From the founding of the Cambodia Health Committee (CHC) it was recognized that poverty and rural debt were closely linked to tuberculosis and other diseases. In response, CHC undertook a pioneering and extremely successful village banking initiative in 1995 to support TB patients and their families and to partner microfinance with TB cure and adherence. Using a structure based on the Grameen Bank model, CHC provided loans for small income-generating projects in Svay Rieng and Kampot provinces linked to its community-based TB programs.
Profits from the village banking program were then used to fund village health agents who identified TB patients and delivered basic health information, including messages on AIDS prevention, across the countryside. The village banking program reached more than 13,000 people across seven provinces in Cambodia, achieving very high payback rates among TB patients participating in the program with 100% adherence to TB medicines.
Expanding a Successful Model
The program grew so large and successful that it was spun into an independent microfinance institution in 2006. This experience in a sense provided the launch pad for CHC’s latest initiative – an expansive community-based health insurance program, a plan that is currently serving 28,000 across Siem Reap province. The program is based on the proven CHC approach of striking at the root causes of TB and AIDS, namely malnutrition and poverty. Indeed, underscoring the great need that this program addressed, more than 500 families took advantage of the program during its first month of existence in June 2011.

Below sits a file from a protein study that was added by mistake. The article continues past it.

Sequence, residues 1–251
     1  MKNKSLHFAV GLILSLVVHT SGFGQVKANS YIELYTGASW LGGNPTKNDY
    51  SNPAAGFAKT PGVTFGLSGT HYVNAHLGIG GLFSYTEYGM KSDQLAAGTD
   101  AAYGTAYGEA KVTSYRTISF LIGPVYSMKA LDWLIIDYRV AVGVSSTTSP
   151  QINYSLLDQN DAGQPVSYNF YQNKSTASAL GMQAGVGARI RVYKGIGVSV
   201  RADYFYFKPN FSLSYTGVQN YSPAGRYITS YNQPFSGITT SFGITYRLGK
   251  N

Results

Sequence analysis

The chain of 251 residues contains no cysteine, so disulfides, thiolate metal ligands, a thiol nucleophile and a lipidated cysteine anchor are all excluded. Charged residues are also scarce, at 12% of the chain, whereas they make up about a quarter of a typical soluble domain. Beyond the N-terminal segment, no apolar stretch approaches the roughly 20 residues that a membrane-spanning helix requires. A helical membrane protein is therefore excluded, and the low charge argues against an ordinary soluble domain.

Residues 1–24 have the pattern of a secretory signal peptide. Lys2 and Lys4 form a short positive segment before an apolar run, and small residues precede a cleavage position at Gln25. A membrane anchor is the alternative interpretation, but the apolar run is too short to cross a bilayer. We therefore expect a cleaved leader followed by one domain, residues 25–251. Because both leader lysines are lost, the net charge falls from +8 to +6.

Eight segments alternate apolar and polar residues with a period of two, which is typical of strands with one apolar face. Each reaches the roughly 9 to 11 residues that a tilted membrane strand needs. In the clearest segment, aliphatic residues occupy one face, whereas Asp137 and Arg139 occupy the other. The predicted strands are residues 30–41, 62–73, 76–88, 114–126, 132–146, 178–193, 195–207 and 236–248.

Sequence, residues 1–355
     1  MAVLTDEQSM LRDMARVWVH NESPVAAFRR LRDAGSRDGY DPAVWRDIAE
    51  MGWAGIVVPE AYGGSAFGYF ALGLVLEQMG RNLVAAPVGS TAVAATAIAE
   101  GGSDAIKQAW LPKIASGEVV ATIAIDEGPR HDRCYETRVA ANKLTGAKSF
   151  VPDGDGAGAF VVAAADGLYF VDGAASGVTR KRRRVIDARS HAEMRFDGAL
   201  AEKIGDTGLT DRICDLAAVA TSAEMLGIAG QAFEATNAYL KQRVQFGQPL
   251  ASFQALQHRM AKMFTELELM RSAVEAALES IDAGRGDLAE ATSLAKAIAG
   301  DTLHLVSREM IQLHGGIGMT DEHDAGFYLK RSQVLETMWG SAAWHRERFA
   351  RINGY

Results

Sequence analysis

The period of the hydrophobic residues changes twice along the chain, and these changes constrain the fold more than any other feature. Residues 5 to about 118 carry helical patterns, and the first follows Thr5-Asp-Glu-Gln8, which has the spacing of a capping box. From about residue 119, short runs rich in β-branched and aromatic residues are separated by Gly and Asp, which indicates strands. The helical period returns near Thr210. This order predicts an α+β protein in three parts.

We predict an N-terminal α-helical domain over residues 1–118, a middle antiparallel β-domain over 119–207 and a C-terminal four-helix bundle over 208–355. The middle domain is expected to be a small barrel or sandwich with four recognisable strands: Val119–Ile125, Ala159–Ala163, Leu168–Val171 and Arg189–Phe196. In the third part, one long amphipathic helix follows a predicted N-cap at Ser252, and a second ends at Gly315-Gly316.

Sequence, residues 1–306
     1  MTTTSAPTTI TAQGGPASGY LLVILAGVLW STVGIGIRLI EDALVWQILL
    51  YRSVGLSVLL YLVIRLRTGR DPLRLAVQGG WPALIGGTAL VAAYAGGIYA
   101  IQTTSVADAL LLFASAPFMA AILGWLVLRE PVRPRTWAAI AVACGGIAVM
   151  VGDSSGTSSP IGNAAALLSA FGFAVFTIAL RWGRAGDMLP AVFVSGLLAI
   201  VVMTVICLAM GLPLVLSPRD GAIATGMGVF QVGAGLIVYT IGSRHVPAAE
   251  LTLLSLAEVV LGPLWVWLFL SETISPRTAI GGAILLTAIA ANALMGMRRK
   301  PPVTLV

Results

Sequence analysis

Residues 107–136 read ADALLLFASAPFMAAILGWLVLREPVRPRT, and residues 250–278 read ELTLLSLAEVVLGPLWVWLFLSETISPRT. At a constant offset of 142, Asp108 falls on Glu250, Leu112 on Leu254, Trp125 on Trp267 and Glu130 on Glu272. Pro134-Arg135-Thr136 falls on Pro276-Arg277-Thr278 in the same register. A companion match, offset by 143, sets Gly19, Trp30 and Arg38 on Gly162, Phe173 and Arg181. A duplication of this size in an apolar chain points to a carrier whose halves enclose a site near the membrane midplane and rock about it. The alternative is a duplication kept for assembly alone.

“Our goal is to provide affordable health insurance coverage to as many families in need as we can,” says Dr. Sok Thim, CHC’s Executive Director. “A number of surveys and studies have shown that health expenses are the major cause of rural debt in the developing world – crippling debt that vulnerable families would have little hope of ever climbing out of.”
A typical scenario that can strike at a family of rice farmers occurs when a child falls ill resulting in financial ruin for this family barely making a living.
“The family would sell whatever assets they might have to pay for the child’s treatment, a water buffalo for example, which would likely be their only asset that enable them to successfully farm to pay for the child’s care,” explains Dr. Anne Goldfeld, President and Co-founder, CHC/Global Health Committee, “this then plunging the family into crushing poverty.”
As of July 2012, the CHC community-based health insurance program has been implemented in eight of 22 health centers in Siem Reap province, with coverage to all 22 centers planned by the end of this year. The program entitles members to health care coverage for all medical costs for services incurred at contracted health centers and referral hospitals. The program also covers non-medical costs such as emergency transportation and funeral expense should a member pass away.
“We have accomplished so much in one year,” Dr. Thim says. “In addition to expanding to all 22 health centers in Siem Reap, we plan to implement the program in other districts as well later this year.”